Photo courtesy Eigenlabs.

Novel instruments come and go; futuristic ideas appear in demos, wow crowds, and then vanish just as quickly. In order to really become part of musical practice, they require practice. And with something as unusual as the Eigenharp – a digital music controller that looks like the love child of a bassoon and a fretboard and connects to a computer – they even necessitate new techniques and strategies.

Enter musician Geert Bevin. As the creator of the fan site Eigenzone, he’s been a tireless champion of the instrument. He’s been compiling videos revealing player techniques and ideas for putting together a practical performance setup. And even Geert concedes that making music takes time.

“Six to nine months seems to be the time required to become confident enough to play the Eigenharp Alpha in front of an audience,” says Geert with a smile.

Here, Geert explains in great detail how he played the instrument in a recent video – one that should make Galactica fans happy. (You may have seen the video making the rounds, but we have some additional technical specifics.) And he shows us some of what other players are doing. They’d better be practicing, because the instrument shown, the flagship Alpha variation of the Eigenharp, costs £3995 and up. (Fortunately, if that’s out of your price range in this tough economy, there’s a cute, more portable version with many of the same features at £449. The Pico actually winds up being a pretty good deal for this kind of unusual product.)

Inventing the technology is only half the equation: it’ll take players, and time, for that creation to come into its own. Guitars and drums and flutes have had millennia. Here’s what a few months have done for the Eigenharp.

Detailed breakdown of a performance setup

Geert shares the technical details for one video and musical performance. Some of what makes the instrument special may not be immediately apparent. He’s making use of the broad pitch area, the access afforded to a range of pitches by the key layout, and features like per-key pitch bending, per-key vibrato, and expressive details in playing the notes. Those are then connected to a range of soft synths intelligent enough to respond to those messages, and sonically detailed enough to make some useful sounds in reply.

Here’s Geert with all the gory details.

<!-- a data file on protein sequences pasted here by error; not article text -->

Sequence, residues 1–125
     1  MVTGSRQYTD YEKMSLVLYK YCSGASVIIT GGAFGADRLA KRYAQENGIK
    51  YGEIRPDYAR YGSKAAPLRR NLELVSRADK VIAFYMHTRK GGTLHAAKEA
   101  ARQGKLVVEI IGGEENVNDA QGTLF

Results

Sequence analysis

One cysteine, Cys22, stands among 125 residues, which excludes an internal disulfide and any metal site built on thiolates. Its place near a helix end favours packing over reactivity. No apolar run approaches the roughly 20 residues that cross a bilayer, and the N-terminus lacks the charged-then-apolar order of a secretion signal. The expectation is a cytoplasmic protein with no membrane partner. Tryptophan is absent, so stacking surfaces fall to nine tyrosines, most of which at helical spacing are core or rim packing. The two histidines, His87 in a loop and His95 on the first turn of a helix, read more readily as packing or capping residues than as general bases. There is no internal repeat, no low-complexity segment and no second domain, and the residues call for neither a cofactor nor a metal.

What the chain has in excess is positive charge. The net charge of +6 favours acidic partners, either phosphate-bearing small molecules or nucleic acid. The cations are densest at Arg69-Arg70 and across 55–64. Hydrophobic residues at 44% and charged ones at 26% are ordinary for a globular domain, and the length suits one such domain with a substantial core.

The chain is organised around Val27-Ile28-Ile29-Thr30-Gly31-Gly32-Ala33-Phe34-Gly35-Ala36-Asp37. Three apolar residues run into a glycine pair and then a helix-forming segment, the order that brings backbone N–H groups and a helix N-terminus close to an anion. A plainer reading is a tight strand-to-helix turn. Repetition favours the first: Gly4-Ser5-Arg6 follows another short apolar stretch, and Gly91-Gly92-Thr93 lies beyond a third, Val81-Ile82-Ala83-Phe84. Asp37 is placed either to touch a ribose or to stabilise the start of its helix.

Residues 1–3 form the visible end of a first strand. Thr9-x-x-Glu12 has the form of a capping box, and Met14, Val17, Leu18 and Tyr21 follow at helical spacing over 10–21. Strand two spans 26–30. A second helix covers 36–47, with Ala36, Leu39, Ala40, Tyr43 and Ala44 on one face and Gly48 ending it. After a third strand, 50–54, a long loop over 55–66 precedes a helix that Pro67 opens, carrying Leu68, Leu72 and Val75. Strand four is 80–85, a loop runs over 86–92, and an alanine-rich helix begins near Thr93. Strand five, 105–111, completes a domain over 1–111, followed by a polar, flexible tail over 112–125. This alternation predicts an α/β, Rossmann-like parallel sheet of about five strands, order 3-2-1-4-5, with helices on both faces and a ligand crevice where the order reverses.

As a follow-up on the Eigenharp Alpha post on CDM a few months ago, I thought I’d let you know that I finally recorded a video that I feel comfortable about pushing into the wild.

It’s a rearrangement of Battestar Galactica ‘Kara remembers’ theme song for the Eigenharp Alpha. The main melody of this theme is heard by the Final Five Cylons when they’re ‘switched on’. Kara Thrace (Starbuck) tries to remember this song in the series while sitting at an old piano in a bar. When she recalls how’s being played, it explodes into a full-blown arrangement.

My personal rendition of the song also starts off hesitant, inspired by Kara trying to remember the chords, the melody and the tempo. I’m using Tonehammer’s Emotional Piano for the piano in the first Eigenharp Audio Unit slot. [All the instruments] are tuned to A major; this allows me to play standard chord patterns and have them sound correct within the song’s scale. By doing that, none of the keys on the keyboard are playing any key outside of the selected scale. [In the Eigenharp’s software, you can configure that setting] on a per-instrument basis as opposed to globally, you can create your own scales, and you can also play fully chromatically.

The beginning of the song is played on the third Alpha keyboard split, which provides a small rectangular area at the bottom and a single area of playing keys on the majority of the keyboard. I set up the bottom area to control the Eigenharp drum loops section, so that I can quickly change them later while playing the piano at the same time.

Eigenharp Alpha - Main Keyboard Closeup

Eigenharp, up close. Image courtesy Eigenlabs.

Once I ‘remembered’ the chords and the melody, I start the Eigenharp’s metronome, which also starts the two drum loops I’ve activated by default. This gives me a sense for the rhythm of the song and I can start playing the piano part in tempo. After a few bars, it’s clear that also the rhythmical part of the song has ‘come back to me’ and I can dive into the meat of it.

I do this by activating four new drum loops on the control area while playing the piano chords an octave lower with my left hand. After two measures, I press the record trigger for the active instrument on the keyboard split and play the piano chords together with the main melody for two measures. The looping automatically starts immediately after the recording.

Having the accompaniment section built up, I can now switch to a first solo instrument, which is the native model of a cello. I used an Audio Unit effect [insert] on it to reduce the dynamics and to make it louder. The Softube CL-1B compressor is great for that as it also adds a touch of warmth. The cello on the Eigenharp can be bowed in a variety of ways. My preference is to use the left strip controller since it’s the closest to the real physical action of bowing on the actual instrument. While playing the cello, each course of keys acts as a string, playing only the highest note. You can thus play with a polyphony of five tones when pressing down keys on all courses. This also allows you to play smooth legato on the same course since you can leave existing fingers pressed down while adding next ones. Just as with regular strings, you can individually add vibrato to each note. At the end of the cello solo section, I use the second strip controller together with the first one to modulate the global pitch while bowing at the same time.